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    Location:
    Saskatoon, SK
    Wow, excellent stuff Tootsall!

    We paddled the Broken Group Islands for 5 days toward the end of July. My wife & I and the two girls (aged 8 & nearly 5) paddled our canoe (17.5' Swift Yukon) while our two friends paddled kayaks rented at Sechart Lodge. We spent all 4 nights camped at Willis Island and did day trips from there to Turret, Clarke & Benson Islands, with one day being our slack day at camp spent largely exploring the beach, resting, and playing "mermaids". We toured through between Jacques, Jarvis, Nettle & Prideaux Islands, and the Tiny Group on our ways to and from Willis at the start and end of our trip, varying our route out from the route in. It was foggy or low overcast for most of the time and fairly calm, but it didn't rain and the fog fit well with our expectations of the climate.

    All in all it was a fantastic trip! The intertidal sea life was amazing to behold and many hours were spent simply beachcombing or gazing into the waters. We spotted a whale off of Clarke Island to the NW in the Loudon Channel. I don't know what type of whale it was, it was at quite a distance and I don't know what to look for - I would see it spout then it's back in succession about 3 or 4 times, then I'd see the tail flukes and it would be gone for a couple of minutes. We also went to see the giant and gnarly cedar on Turret - man that's one helluva tree.

    The kids met a new friend at Willis Island and I met a fellow boatbuilder. The kids would collect bull kelp and these became mermaid dolls that they played with extensively - the bulb is the head, with the fronds or leaves being the hair.

    A full report and photos will follow at some point.

    Thanks to all here that have posted about the Broken Group. I found some fantastic trip reports here that were very useful in my planning.

    Cheers,
    Bryan

    p.s. I also hiked in to see the famous Skook Rapids. Next time, I paddle in to see it! Seemed like a narrower version of "Cokestop" combined with "Surf City" on the Churchill River, but with star fish all over the place. Not to mention the fact that it's highly variable and reverses. ;)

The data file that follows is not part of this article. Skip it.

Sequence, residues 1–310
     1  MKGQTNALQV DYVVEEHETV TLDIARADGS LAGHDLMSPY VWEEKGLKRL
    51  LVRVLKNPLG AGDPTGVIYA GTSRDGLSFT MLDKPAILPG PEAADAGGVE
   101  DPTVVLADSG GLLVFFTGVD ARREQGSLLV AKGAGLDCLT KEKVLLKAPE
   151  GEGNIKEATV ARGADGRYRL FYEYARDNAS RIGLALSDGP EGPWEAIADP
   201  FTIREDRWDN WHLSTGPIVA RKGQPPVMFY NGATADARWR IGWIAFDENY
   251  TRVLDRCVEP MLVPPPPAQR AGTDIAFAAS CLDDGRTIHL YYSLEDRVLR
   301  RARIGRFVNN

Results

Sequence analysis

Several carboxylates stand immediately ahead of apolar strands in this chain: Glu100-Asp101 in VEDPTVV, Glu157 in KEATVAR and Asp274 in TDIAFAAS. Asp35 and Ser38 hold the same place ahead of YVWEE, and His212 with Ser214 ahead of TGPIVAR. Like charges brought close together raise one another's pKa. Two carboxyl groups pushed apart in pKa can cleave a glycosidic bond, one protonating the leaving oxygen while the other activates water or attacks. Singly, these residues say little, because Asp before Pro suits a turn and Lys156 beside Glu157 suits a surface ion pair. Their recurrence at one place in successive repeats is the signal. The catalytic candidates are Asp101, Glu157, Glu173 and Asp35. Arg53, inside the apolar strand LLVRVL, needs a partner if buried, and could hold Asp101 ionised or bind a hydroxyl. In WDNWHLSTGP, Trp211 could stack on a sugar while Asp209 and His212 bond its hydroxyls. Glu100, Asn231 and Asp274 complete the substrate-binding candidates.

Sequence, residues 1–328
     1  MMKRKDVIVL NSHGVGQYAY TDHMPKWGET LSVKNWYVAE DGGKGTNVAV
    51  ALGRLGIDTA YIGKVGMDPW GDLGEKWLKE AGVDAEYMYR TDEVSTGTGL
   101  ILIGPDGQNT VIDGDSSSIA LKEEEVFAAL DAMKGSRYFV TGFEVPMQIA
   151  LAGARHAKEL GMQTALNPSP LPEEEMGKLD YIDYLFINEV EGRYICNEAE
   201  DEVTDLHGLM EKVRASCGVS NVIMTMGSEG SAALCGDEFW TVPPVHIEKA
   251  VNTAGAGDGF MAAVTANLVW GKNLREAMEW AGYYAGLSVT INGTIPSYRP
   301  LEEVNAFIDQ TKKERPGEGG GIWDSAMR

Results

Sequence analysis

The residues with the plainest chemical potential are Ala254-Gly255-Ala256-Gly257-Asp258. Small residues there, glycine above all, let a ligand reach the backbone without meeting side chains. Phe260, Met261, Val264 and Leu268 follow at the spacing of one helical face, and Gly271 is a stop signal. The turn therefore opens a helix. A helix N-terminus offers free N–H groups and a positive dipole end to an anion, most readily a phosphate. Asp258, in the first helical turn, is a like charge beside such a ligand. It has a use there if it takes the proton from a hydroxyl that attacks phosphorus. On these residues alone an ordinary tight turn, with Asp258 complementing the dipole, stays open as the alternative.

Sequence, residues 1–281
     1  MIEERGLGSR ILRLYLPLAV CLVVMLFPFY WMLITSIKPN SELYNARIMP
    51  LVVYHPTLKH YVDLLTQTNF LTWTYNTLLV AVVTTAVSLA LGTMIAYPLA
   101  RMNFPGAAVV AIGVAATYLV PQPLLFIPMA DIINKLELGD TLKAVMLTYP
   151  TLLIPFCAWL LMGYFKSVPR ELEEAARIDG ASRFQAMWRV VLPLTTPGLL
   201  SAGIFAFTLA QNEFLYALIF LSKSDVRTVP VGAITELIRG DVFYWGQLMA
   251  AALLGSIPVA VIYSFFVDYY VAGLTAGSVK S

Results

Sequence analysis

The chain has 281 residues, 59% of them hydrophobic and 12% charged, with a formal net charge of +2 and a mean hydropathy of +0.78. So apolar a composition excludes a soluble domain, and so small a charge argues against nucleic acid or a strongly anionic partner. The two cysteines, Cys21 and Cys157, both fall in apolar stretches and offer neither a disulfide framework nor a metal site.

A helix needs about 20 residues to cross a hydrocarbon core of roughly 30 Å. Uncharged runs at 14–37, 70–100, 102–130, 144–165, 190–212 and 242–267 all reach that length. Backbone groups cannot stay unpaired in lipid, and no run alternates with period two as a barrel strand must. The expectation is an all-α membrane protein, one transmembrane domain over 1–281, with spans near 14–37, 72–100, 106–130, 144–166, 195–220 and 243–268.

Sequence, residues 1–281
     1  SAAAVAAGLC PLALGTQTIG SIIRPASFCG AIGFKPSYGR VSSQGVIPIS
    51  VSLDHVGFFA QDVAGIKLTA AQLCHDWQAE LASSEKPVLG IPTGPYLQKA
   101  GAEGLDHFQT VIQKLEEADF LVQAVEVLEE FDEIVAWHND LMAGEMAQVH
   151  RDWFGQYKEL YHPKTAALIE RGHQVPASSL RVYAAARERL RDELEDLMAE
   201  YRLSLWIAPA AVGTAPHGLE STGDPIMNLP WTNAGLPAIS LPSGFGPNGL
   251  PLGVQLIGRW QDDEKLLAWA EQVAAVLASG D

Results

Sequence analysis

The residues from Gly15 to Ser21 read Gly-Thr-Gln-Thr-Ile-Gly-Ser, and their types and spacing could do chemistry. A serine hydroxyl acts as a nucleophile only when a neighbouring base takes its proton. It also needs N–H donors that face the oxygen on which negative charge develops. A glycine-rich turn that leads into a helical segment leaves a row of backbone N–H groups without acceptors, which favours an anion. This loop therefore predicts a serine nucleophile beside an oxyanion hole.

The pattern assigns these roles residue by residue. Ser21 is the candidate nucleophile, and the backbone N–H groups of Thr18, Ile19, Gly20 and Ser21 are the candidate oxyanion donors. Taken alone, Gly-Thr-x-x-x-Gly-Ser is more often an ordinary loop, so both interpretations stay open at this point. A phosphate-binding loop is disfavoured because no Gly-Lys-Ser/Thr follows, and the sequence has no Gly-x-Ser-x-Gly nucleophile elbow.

15. Laronge

    Laronge New Member

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    Jan 25, 2012
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    Location:
    Greater Vancouver
    Re: circumnavigation of Maurelle Island

    Thanks for the trip report!

    I have a question about this small note:
    >> We had expected the flood to push us through Hole in the Wall, and southwards in Calm Channel; but we were pleasantly surprised to see the kelp bulbs aligned favorably in Whiterock Passage.

    So I understood this to mean that Whiterock passage was flooding S-SW? ie 'down' ?
    I looked on the charts and the tidal current directions are not marked in Whiterock passage...is that because the flows are generally weak? Anyway, your comment is the only reference I found to the direction so I wanted to make sure I was reading it correctly.

    Thanks
     
  16. nootka

    nootka Paddler

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    Yes, Whiterock passage was flooding from the NE towards the SW. This was about 3 pm, near max flood of 9+ knots at Surge Narrows.
    Currents were weak; but favorable & weak beats unfavorable & weak any time.
    BTW, My post should have said Tuesday July 27.
    I have no idea if Whiterock floods during the whole flood cycle or just at peak.
     
  17. Comoxpaddler

    Comoxpaddler Paddler

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    Aug 30, 2006
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    Location:
    Comox, BC
    Just to confirm the details of Nootka's post from last year. I had read in John Kimantas's guide that Whiterock Passage floods to the north. This is not correct. I paddled through the Passage on Saturday and it was flooding south (or more accurately NE to SW) in the late afternoon when Surge Narrows was in the first third of its flood